During the next year, some 11 biopics, biodocs — as in documentaries — and high-concept films about music artists and fabled eras of industry history are set to debut at theaters and on TV and streaming services, with at least another 14 screening that are at film festivals, looking for distributors or are in production or development. With a few exceptions, they all have licensed synch rights from music publishers, record labels or both. Although these projects will screen in the wake of Bohemian Rhapsody’s success — the film has grossed almost $1.1 billion globally, according to IMDbPro (the source for all box-office totals in this story); won four Academy Awards; and generated almost 2 billion on-demand streams since November, according to Nielsen Music — virtually all were in production before it hit the cineplex.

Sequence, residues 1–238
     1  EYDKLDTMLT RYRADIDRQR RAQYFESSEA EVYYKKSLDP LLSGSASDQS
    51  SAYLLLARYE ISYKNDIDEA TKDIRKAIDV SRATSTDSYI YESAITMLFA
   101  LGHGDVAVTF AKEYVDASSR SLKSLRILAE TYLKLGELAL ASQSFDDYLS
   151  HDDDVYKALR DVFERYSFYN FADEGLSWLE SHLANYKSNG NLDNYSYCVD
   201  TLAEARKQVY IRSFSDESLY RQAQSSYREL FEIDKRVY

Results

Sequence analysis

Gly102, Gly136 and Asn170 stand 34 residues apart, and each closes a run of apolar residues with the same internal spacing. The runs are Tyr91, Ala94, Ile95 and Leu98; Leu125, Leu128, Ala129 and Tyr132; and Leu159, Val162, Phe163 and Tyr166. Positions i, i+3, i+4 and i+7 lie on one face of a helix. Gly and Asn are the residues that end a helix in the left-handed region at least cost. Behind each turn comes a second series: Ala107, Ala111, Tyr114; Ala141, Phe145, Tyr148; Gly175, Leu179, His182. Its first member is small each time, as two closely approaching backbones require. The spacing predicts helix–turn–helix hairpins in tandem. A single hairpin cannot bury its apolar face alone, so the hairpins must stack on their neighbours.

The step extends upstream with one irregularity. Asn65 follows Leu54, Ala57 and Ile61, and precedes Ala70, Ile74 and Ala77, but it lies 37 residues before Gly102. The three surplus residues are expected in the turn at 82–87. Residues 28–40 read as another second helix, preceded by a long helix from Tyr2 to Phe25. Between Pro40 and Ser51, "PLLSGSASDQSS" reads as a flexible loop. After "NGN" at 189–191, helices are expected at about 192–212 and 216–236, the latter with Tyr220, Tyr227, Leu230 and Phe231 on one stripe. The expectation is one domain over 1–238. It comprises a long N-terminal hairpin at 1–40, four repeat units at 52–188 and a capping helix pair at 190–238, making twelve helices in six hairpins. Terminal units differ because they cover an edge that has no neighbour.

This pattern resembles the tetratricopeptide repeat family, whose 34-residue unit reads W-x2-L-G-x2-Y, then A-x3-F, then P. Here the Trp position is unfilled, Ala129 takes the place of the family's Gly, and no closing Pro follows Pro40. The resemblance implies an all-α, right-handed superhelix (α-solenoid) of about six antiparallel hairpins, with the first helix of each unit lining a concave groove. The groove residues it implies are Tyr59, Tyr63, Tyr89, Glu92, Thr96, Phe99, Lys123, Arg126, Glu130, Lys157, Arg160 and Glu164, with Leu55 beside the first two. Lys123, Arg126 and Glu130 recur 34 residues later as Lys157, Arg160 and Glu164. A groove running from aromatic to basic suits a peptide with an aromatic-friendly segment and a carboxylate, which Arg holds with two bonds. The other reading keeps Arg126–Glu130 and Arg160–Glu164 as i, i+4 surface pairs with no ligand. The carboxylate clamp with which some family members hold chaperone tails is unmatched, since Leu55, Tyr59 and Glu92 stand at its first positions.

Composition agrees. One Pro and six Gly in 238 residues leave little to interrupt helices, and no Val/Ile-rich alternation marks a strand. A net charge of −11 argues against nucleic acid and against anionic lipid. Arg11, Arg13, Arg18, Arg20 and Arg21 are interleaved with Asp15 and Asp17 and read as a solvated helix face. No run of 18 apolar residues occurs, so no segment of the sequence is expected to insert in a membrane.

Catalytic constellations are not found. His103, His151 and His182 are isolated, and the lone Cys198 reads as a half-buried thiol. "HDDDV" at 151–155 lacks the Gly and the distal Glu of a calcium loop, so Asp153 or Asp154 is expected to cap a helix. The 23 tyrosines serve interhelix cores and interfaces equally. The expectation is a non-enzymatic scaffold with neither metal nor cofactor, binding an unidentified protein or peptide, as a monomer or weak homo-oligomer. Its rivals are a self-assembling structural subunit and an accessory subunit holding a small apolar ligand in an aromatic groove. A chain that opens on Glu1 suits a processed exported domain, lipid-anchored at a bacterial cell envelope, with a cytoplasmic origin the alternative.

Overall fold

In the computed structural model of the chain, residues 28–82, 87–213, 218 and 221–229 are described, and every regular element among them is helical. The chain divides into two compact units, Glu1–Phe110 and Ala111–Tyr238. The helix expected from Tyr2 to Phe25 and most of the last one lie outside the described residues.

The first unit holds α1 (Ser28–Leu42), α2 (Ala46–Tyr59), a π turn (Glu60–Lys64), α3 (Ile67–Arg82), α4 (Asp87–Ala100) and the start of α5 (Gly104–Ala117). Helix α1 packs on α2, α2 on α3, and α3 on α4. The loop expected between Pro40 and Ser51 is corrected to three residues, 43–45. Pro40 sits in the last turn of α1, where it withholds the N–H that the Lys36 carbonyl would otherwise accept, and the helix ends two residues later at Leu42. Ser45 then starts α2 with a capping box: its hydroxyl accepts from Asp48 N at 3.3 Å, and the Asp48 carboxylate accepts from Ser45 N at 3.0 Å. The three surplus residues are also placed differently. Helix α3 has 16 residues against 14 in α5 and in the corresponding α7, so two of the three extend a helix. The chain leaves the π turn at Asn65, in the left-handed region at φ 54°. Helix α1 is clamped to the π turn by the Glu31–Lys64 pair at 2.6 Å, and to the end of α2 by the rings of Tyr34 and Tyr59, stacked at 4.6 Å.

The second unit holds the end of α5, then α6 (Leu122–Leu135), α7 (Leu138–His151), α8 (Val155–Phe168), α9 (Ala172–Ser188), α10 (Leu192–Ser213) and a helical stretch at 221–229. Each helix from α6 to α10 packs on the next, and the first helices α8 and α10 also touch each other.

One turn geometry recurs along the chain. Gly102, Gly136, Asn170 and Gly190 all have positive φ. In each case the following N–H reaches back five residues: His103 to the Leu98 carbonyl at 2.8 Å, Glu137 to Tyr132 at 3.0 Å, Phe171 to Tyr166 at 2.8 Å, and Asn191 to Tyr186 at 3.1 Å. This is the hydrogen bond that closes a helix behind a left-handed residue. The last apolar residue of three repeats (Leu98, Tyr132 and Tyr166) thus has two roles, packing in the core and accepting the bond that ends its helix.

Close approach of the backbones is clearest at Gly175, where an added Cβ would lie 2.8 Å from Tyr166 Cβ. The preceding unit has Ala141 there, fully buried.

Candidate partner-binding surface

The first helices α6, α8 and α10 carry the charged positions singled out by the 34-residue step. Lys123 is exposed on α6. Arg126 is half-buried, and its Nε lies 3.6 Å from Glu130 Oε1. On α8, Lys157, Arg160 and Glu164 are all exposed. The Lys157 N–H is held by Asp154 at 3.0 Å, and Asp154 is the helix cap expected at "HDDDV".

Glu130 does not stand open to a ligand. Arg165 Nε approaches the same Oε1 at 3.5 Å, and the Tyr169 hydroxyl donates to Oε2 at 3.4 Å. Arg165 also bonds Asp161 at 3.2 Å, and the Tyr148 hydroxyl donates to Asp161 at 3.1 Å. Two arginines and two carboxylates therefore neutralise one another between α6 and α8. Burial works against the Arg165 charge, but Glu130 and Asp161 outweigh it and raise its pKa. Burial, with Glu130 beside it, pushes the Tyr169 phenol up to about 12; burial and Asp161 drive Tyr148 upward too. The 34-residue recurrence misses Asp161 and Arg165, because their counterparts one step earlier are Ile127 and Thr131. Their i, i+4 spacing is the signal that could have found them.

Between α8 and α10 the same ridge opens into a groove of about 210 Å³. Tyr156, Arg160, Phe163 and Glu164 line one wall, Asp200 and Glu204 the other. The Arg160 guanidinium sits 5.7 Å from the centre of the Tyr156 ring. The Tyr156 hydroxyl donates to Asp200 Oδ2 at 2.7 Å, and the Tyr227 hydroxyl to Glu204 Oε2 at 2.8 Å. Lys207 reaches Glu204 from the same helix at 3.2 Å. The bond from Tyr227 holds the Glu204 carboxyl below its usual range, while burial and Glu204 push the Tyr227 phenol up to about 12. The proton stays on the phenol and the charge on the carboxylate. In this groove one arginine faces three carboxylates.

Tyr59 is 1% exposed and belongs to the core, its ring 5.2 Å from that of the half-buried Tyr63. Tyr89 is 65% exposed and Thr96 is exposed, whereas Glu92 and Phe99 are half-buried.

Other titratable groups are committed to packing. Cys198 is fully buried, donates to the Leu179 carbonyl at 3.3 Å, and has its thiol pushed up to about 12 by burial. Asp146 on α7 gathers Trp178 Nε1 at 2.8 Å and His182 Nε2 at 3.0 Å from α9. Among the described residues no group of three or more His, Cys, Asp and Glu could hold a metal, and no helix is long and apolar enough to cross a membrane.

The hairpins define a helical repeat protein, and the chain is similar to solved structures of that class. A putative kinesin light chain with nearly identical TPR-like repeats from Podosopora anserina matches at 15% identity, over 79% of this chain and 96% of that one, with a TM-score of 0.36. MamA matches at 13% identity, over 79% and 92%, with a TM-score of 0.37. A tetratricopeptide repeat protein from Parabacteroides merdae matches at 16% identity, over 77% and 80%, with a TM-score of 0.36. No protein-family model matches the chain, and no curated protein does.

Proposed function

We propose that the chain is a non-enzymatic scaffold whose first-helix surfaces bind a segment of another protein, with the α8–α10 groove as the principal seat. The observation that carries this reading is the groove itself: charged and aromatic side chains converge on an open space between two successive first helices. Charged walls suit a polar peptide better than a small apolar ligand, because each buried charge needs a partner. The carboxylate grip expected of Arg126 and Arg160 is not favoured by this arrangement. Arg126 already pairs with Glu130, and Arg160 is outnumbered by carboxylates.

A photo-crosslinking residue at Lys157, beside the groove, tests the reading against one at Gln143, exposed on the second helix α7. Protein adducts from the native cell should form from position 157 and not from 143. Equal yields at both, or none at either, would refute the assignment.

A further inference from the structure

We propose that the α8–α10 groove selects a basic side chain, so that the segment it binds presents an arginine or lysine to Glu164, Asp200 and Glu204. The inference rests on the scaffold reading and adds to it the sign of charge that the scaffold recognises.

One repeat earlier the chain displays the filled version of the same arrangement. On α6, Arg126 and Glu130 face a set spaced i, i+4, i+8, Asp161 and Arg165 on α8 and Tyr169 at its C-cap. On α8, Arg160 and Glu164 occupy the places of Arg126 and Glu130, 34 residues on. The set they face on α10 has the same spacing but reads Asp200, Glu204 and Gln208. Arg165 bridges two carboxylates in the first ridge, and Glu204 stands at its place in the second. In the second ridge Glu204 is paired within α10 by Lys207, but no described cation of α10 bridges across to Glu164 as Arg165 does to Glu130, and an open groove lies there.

The exciting, inspirational — and, sometimes, tortured and debauched — life stories of musicians and songwriters have long attracted filmmakers, and the advent of video streaming services Netflix, Hulu and Amazon Prime has ratcheted up the demand for documentaries that were once almost solely the province of HBO.
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